Actor Raul Julia says that, while playing Archbishop Oscar Romero was a tremendous challenge, he does not want it to become his trademark. The Puerto Rico-born actor said that he wanted to play the Salvadoran human rights activist who was murdered in 1980, not because of any political beliefs, but because the role required a transformation from a timid priest into a courageous leader. "I did it for the role—I leave messages to Western Union," added Julia, 49, of Romero, which opens on Oct. 6. "I don't ever want to be identified with anybody, " Julia: ’I leave messages says Julia. "I just want to to Western Union’ be seen as an actor."
The power of seduction
Actress Kate Capshaw says that playing a “sassy” nightclub hostess in the thriller Black Rain, to be released on Sept. 22, was a chance to show off her seductive powers. Capshaw added that she enjoyed dressing in revealing gowns and enticing “powerful men” to confide in her. Off-screen, Capshaw, 34, earned her temptress reputation after celebrity-watchers claimed that Hollywood multimillionaire director Steven Spielberg recently separated from his wife, actress Amy Irving, to court Capshaw, who starred in Spielberg’s Indiana Jones and the Temple of Doom. For her part, Capshaw said, “I haven’t done anything flashy—until this movie role.”
After six months of playing a 19th-century prostitute, actress Louise Pitre says was still a “shock” to play a ern-day stripper. Pitre recently took a break from playing Fantine in the Toronto production of Les Misérables to star as an erotic dancer alongside Megan Follows and Shelley Peterson in a halfhour movie, Exposed. “I had to become more extroverted,” said the 32-year-old Welland, Ont. tive, who replaced Fantine’s period corset with a skimpy bikini. “I tried to convince Megan to strip first,” Pitre added, “but then I relaxed.”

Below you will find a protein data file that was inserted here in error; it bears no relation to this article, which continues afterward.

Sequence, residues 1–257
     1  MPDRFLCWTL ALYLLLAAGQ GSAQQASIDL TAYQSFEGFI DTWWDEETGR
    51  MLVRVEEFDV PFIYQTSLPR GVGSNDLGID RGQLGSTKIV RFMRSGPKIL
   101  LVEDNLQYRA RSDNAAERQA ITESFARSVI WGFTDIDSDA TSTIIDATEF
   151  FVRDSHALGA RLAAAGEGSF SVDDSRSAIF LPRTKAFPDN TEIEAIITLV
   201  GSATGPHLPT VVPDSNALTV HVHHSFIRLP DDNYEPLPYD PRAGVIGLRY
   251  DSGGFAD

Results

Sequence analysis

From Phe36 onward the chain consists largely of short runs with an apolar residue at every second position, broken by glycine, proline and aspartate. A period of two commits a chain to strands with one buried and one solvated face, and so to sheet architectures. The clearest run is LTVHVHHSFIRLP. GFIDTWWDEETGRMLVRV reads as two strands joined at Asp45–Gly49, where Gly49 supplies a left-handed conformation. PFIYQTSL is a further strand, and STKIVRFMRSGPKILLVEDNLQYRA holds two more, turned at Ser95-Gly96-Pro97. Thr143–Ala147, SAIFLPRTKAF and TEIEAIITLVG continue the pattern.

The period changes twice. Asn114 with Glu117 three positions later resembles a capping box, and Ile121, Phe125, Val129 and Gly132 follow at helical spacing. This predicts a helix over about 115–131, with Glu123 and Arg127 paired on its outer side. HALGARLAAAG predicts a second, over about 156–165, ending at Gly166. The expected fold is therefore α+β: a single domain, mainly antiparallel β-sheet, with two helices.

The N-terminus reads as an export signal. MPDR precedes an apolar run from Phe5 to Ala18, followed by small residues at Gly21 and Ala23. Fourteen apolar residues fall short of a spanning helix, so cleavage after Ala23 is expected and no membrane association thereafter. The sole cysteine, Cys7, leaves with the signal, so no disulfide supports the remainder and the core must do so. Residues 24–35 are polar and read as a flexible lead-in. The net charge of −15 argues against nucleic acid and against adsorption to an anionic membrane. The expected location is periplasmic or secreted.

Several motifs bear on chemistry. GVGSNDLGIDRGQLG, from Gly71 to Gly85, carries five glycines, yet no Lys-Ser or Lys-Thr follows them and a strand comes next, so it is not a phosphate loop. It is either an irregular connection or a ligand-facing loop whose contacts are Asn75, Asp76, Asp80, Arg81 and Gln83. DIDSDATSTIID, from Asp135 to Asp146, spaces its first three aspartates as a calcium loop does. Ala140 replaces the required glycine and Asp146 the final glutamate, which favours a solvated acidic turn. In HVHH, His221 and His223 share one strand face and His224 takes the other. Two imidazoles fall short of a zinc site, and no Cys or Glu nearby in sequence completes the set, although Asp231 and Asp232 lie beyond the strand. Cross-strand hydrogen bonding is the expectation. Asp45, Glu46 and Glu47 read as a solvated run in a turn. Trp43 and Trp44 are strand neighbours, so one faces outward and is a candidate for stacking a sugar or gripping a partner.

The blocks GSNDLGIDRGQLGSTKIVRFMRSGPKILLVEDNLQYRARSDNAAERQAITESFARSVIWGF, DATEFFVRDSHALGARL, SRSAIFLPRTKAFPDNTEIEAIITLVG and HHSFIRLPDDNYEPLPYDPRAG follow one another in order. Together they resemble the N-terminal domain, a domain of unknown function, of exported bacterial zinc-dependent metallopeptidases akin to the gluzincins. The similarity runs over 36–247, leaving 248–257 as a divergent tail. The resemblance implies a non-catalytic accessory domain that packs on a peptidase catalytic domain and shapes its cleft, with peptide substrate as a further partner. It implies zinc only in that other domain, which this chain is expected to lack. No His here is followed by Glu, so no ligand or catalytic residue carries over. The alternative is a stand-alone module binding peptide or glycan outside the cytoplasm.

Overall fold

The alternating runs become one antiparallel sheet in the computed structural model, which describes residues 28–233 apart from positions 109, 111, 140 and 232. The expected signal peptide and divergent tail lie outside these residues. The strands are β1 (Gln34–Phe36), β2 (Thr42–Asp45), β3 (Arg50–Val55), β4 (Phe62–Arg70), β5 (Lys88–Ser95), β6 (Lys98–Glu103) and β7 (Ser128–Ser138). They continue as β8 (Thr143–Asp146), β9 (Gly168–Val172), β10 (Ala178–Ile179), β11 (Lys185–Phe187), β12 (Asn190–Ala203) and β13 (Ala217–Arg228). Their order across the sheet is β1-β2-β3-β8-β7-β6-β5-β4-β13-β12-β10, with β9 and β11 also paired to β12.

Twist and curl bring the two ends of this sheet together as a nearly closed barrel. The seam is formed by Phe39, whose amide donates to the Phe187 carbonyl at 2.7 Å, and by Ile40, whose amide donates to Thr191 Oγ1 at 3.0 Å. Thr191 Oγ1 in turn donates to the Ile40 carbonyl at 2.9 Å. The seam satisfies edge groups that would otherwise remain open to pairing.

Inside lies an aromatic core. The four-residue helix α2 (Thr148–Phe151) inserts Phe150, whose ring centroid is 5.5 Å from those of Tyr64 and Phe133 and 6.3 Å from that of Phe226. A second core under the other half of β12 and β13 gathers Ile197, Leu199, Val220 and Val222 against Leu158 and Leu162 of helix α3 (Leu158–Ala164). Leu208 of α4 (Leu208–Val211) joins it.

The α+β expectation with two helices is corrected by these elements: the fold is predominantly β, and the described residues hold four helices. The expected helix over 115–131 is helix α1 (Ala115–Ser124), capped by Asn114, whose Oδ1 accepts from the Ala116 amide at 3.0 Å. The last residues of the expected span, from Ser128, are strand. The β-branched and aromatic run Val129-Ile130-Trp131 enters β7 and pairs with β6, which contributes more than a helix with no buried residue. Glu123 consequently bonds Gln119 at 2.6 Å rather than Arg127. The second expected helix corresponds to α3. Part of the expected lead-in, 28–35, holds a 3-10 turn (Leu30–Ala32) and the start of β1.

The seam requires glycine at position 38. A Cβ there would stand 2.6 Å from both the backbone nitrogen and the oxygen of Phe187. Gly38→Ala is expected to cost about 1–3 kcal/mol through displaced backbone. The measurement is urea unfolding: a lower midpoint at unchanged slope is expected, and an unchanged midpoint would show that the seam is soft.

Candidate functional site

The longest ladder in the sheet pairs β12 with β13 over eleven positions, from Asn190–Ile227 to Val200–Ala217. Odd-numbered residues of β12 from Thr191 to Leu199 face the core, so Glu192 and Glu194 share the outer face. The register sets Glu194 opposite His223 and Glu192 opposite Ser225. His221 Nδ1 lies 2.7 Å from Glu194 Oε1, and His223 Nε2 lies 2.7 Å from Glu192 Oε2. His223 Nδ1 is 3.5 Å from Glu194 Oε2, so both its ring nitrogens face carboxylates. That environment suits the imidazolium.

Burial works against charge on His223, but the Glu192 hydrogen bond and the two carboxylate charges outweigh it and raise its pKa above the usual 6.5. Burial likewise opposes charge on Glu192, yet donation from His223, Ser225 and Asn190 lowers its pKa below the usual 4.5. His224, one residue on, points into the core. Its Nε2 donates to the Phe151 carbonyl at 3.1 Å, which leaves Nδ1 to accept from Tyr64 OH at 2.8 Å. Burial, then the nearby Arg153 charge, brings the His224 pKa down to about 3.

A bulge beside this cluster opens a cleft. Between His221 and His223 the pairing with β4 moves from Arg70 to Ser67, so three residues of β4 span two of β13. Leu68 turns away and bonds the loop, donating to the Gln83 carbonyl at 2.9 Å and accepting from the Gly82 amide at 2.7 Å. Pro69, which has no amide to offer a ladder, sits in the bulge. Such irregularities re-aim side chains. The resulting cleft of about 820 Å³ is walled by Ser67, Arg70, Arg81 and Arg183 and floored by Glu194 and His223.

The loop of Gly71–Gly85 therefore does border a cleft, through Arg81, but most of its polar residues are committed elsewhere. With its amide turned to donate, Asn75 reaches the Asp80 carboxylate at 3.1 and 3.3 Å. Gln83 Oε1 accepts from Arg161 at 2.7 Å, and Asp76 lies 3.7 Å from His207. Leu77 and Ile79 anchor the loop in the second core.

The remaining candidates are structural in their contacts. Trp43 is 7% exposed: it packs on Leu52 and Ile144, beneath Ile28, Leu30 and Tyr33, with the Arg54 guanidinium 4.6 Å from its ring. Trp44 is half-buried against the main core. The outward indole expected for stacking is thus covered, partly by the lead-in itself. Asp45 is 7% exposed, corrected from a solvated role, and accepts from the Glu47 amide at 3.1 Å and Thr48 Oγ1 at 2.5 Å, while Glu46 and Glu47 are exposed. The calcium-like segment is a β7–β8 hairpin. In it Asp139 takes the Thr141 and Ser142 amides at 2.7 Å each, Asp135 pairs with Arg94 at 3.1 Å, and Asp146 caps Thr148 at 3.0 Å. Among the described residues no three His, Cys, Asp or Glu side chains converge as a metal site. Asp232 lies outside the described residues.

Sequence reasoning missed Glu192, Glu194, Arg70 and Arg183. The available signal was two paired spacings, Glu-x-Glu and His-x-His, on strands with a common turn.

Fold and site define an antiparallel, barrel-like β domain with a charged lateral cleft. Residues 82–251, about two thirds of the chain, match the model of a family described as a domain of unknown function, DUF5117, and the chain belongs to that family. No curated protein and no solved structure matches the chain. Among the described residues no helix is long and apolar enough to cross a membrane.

FOR BETTER OR WORSE
Vancouver multimillionaire Murray Pezim is about to break a solemn vow—to remain a bachelor. The flamboyant 68-year-old mining-stock promoter, who publicly declared after his tempestuous separation in January from his third wife, stockbroker Susan Hanson, 35, that he would never remarry, now says that he plans a return trip to the altar. ”1 know I said I wouldn’t marry again—I lied, ” said Pezim after announcing his engagement to Tammy Patrick, 27, a former stockbroker and self-acknowledged reformed cocaine addict. Meanwhile, Pezim has acquired another new interest: football. The entrepreneur, who is also backing former NFL star Mark Gastineau’s quest to become a boxer, last week bought the debt-ridden B.C. Lions football club for$l. 7million. It seems that Pezim will gladly pay to leave scrimmages to the professionals.
Singing the blues for writers
There is much more to Canadian jazz singer Salome Bey than her powerhouse voice. But the Toronto resident, who has written a yet-to-be-produced musical, Rainboworld, about a street child yearning for a better future, said that
her fans only want to hear her sing the blues. “People have put me into a box, but I want these things I’ve written to get exposed,” she added. Freedom of expression is an issue that is close to her heart, said Bey, 48, who is performing at the Sept. 24 Toronto fund-raising gala to
launch the 54th International PEN World Congress. The concert, which also features guitarist Liona Boyd and singer Edith Butler, is in aid of writers imprisoned around the world for expressing controversial ideas. Said Bey: “I can understand how other writers feel when they can’t get out there and say what they want to say.”
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